The following is a guest post written by Anna Carapellotti of Admissionado, a premier college admissions consulting company focused on helping students get into their dream schools.
It’s finally here. Your last summer as a high school student. Congratulations! As rising seniors, you will probably be pretty busy this summer with your jam-packed social “to-do” list. However, it will also be important to spend some time over the summer planning for college applications, as there are many things you will need to accomplish in the year ahead.
So, what can you do to get started? Here are seven tips to help all of you rising seniors out there maximize your potential this summer:
1. Finalize your list of colleges
While some of you have probably had a dream school in mind since freshman year, others may still be struggling to narrow down the list. With so many options and so many factors contributing to the admissions process, it is important to go into senior year with a solid game plan. So, take the opportunity to do some additional research over the summer. Which academic programs are best given your interests? Which schools offer the types of clubs and activities that you want to get involved in? Most counselors recommend that students apply to five to eight colleges—one to two safeties, two to four good matches, and one to two reaches.
2. Visit a few schools
A great way to narrow your list further is to visit some campuses. If you haven’t gotten a chance to already, take advantage of the time off during the summer to visit some of the schools you are applying to. Of course, academics are a huge factor when it comes to selecting a school, but things like size, location, distance from your hometown, and campus atmosphere can really affect your college experience. Though many colleges and universities are much quieter during the summer, students can still get a great sense of a school’s general “feel.”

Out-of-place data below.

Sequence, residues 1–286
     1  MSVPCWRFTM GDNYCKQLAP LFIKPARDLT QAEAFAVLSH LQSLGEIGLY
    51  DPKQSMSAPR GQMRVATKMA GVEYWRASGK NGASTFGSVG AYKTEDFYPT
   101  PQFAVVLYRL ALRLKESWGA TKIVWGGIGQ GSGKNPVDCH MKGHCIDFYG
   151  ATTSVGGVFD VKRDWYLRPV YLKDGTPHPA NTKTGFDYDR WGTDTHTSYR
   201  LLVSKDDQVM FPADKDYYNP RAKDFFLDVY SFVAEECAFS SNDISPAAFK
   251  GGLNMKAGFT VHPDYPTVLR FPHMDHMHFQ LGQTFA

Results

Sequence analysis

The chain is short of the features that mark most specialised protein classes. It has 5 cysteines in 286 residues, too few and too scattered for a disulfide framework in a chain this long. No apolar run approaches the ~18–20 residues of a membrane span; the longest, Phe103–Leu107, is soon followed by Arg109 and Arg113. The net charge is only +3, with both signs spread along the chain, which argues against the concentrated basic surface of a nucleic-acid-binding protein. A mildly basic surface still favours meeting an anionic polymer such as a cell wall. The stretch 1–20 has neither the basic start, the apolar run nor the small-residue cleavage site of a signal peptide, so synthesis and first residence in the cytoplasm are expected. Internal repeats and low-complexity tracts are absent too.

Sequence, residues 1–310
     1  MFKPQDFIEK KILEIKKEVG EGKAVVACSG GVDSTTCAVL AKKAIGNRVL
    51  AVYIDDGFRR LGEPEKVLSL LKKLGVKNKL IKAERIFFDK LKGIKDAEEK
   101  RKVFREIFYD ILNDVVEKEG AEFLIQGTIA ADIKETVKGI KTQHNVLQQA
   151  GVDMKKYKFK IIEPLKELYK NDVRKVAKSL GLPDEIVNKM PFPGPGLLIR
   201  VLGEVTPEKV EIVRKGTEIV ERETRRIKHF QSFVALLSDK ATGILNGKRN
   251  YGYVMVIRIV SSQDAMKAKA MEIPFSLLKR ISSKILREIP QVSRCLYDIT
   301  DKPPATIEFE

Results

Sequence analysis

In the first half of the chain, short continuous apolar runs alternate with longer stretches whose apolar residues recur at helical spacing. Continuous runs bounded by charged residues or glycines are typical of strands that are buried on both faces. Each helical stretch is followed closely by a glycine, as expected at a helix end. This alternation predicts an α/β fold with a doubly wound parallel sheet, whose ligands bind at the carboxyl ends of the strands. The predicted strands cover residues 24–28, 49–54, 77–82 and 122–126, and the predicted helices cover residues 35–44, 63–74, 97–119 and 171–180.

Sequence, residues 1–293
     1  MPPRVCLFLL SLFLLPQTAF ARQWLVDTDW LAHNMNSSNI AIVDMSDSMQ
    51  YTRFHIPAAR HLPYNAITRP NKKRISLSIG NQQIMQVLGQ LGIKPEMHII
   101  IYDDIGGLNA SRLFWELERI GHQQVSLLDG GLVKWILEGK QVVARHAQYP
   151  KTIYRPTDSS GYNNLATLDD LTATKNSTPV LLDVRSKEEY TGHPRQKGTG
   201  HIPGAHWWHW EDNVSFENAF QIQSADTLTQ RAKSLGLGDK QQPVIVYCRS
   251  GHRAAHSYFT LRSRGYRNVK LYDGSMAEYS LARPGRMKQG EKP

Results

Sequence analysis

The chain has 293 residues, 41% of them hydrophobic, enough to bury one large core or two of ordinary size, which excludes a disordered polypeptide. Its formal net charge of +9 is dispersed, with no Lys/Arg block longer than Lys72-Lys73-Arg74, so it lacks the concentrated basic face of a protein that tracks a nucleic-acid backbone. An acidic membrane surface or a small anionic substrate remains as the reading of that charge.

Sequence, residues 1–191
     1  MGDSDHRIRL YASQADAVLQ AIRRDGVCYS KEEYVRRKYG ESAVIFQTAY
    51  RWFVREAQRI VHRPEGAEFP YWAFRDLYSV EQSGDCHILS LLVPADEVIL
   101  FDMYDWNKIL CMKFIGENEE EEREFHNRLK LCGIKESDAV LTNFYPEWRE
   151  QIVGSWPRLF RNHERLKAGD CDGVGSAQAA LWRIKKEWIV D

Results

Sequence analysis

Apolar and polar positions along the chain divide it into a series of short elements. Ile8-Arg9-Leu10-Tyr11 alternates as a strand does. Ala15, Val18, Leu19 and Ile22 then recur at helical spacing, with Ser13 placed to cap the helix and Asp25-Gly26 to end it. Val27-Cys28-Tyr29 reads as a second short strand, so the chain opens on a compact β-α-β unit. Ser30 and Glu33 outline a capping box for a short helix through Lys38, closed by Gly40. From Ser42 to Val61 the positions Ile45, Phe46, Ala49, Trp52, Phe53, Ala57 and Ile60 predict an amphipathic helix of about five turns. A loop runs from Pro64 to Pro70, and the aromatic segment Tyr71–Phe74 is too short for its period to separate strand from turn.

If you can’t visit some of your schools in person, many colleges and universities offer virtual tours on their websites. Another great website to check out is youvisit.com, a virtual reality platform with photos, videos, and virtual tour guides that will take you around the campuses of over 1,000 schools. Students can “walk around” campus, take a peek inside the freshman dorms, and even visit the library. Moreover, you can even search for schools based on institution type, campus setting, tuition price, and the size of the student body.
3. Look into the different application portals
College-bound seniors applying in the 2016-2017 cycle will have more application portals than ever to choose from, with the major ones being the Common App, the Universal College Application, and the new Coalition Application. Students with exceptionally strong academic records from low-income backgrounds should also consider applying using QuestBridge, a nonprofit that connects high-achieving, low-income students with top-tier colleges and opportunities.